40 years for animal rights group who stole body
John Ablewhite, of Manchester, Kerry Whitburn, of Birmingham, and John Smith, of Wolverhampton, were each handed 12-year prison terms at Nottingham Crown Court after admitting conspiring to blackmail the owners of a guinea pig breeding farm in Staffordshire.
A fourth defendant, Josephine Mayo, also from Birmingham, was jailed for four years after admitting a lesser part in the six-year campaign against the Hall family, who bred the animals for use in medical research.
As part of the campaign, the body of Gladys Hammond, 82, mother-in-law of one of the Hall brothers, was stolen from her grave. It was recovered this month when Smith told police where it was hidden on Cannock Chase.
Judge Michael Pert, QC, told the defendants they were a danger to society. Had he been sentencing them at the end of a trial he would have handed them maximum jail terms.
The judge said: "Each of you has enjoyed the benefit of living in a democratic society.
"Our laws are made by parliament. If you don't like a particular law there are many lawful means by which you can seek to change it.
"What you four have done is something completely different. You assumed the right to dictate which lawful activities you would permit.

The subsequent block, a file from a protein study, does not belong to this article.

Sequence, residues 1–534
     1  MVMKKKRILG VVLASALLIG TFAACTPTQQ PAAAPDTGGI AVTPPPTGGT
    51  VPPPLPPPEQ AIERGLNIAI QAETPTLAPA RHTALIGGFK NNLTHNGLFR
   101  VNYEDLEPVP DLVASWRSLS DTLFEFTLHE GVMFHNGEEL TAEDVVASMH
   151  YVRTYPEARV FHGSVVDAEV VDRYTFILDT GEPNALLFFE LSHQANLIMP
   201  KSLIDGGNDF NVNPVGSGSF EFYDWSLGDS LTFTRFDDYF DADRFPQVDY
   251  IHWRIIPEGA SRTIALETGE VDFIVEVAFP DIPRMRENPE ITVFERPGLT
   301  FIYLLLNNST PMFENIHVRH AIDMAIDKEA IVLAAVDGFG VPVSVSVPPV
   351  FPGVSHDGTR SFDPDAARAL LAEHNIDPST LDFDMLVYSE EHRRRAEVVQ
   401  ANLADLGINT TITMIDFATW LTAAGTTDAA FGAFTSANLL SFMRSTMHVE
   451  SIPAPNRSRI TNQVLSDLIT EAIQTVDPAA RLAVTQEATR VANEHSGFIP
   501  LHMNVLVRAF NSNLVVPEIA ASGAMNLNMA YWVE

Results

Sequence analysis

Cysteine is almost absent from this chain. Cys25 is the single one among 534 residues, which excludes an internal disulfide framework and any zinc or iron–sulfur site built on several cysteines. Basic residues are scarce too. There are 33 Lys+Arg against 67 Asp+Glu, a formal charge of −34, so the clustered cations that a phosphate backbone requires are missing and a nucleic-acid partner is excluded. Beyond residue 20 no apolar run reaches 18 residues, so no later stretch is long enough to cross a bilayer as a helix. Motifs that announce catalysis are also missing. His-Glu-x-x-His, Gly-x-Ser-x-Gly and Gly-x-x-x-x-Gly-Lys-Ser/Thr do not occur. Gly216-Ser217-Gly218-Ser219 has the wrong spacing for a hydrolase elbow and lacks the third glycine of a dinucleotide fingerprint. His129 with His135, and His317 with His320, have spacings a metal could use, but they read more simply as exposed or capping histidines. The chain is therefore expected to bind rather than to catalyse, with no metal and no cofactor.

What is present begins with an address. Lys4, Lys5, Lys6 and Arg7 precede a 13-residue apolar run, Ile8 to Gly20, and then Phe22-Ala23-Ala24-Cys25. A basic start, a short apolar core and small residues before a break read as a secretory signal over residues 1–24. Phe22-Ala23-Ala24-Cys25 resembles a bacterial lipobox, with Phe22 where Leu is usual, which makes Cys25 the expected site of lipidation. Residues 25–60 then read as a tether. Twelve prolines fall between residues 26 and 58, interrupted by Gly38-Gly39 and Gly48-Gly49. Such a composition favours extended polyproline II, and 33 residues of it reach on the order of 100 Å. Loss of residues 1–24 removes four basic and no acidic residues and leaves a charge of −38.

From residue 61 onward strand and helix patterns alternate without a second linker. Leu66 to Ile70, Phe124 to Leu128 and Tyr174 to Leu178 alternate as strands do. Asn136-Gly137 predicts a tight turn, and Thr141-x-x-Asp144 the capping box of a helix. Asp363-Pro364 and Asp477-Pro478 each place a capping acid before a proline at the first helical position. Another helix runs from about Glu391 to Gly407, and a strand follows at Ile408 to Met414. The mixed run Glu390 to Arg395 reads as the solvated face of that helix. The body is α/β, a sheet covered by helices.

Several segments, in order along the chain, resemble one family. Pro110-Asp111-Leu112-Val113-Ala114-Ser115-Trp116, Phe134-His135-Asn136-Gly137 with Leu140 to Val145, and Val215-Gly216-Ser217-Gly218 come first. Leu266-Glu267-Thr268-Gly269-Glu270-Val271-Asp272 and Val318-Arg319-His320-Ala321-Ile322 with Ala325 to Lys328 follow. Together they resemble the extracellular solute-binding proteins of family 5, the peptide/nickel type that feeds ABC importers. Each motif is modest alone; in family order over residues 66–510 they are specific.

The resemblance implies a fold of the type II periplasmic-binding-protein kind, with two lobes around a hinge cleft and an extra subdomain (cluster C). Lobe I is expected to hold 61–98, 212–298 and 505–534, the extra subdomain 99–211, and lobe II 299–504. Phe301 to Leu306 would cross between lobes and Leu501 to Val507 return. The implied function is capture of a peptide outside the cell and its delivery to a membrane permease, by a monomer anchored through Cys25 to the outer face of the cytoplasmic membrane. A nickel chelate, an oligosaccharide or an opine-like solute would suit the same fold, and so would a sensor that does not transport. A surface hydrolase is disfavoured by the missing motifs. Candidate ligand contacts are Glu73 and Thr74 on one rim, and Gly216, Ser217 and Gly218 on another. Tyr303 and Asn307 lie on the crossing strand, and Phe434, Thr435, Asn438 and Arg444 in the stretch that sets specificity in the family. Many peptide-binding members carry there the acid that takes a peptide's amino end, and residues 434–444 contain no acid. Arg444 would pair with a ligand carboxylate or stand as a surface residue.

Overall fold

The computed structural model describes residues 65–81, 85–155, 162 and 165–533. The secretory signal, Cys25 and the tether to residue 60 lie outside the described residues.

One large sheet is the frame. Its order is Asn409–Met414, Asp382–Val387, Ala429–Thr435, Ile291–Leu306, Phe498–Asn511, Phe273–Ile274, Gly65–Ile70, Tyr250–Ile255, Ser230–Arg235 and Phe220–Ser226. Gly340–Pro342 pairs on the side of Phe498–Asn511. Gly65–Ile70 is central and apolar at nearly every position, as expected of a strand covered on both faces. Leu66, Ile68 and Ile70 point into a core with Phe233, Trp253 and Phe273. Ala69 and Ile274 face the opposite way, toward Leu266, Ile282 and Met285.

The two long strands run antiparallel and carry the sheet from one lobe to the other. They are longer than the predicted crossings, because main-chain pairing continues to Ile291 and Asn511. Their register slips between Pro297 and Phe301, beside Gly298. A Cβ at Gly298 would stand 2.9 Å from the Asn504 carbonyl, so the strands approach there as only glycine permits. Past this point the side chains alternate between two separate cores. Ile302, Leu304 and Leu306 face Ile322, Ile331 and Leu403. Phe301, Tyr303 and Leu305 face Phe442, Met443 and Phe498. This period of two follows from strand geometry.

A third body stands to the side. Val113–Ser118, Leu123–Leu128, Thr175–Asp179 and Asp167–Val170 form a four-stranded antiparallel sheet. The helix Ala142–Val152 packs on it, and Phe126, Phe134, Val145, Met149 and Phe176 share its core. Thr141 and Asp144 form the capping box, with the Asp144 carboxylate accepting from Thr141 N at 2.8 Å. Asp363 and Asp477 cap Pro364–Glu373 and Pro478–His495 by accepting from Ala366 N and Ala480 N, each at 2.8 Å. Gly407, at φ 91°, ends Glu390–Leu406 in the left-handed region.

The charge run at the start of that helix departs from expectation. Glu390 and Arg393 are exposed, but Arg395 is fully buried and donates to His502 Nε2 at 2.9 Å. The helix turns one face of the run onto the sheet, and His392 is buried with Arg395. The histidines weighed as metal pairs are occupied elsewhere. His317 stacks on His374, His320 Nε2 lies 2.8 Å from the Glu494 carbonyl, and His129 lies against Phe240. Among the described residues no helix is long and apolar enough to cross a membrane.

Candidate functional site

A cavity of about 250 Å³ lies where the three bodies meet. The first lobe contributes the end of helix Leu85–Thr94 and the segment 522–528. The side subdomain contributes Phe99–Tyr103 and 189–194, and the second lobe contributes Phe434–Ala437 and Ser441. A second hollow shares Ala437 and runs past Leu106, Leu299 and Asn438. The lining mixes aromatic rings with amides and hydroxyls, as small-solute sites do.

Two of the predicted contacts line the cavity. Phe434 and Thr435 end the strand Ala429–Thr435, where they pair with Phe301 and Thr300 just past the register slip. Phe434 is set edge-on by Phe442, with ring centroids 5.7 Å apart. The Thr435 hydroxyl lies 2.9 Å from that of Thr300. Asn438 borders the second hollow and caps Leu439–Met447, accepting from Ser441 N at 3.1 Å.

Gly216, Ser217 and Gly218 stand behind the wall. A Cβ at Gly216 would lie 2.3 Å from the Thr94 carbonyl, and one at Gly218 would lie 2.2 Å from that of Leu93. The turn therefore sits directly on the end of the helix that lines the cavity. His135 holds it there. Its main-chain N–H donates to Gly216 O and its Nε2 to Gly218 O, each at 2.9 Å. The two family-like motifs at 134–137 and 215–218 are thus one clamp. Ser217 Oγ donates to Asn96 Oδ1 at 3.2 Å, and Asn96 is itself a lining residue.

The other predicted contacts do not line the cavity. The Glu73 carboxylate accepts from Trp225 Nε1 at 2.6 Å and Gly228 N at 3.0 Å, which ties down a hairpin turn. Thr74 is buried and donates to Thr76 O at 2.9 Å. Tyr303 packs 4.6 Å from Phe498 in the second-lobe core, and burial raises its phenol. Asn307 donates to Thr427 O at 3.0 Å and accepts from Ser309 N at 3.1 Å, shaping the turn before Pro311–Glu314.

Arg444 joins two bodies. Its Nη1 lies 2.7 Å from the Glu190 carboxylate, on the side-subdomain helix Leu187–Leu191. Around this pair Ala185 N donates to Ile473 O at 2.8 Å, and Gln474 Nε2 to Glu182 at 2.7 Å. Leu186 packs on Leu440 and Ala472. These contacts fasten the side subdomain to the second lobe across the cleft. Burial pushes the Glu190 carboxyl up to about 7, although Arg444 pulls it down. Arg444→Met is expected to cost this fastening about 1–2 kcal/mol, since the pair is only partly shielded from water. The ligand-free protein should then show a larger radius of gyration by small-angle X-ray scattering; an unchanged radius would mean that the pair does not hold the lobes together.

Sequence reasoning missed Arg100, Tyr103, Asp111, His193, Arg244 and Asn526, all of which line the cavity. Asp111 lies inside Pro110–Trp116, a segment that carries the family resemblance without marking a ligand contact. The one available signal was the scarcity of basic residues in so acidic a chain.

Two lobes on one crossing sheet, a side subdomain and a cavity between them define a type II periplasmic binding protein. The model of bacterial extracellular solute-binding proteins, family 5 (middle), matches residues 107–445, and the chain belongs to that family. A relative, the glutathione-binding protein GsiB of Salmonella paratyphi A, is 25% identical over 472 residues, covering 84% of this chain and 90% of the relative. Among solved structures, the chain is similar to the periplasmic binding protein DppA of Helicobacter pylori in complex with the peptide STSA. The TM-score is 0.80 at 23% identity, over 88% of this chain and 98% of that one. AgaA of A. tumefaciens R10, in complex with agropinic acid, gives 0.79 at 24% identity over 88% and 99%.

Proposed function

"You thought to enforce your view, not by reasoned debate or lawful protest, but by subjecting wholly innocent citizens to a campaign of terror.
"Your stated aim was to put the Hall family out of business; to that end, you targeted them, their employees and their families. You targeted people who did business with them and friends of them.
"You have, in the vast majority of these cases, ruined their lives over a period of years and perhaps forever."
The judge continued: "The lowest point was the theft of Gladys Hammond's body. Few reading or hearing of these events could imagine that anyone could stoop so low.
"You not only disinterred her but kept her family on tenterhooks as to whether you would return her body. Having stolen the body you used it as a weapon."
He told the defendants: "We are not going to start guarding country graveyards on the off chance that some other lunatic fringe group emulate you."
Smith raised a defiant fist as he was taken down to the cells with his three co-defendants.
John Hall and his daughter, Sally-Ann, left the court without commenting, but a police family liaison officer read out a statement on their behalf.
In it, they said: "The activists waged a six-year campaign against us and anyone linked to us - no matter how tenuously.
"The callous and depraved act of desecrating Gladys's grave and removing her body was totally outrageous.
"As a family we were devastated. We struggled to comprehend how anyone could conceive such a plan. We could only assume they were devoid of any emotions."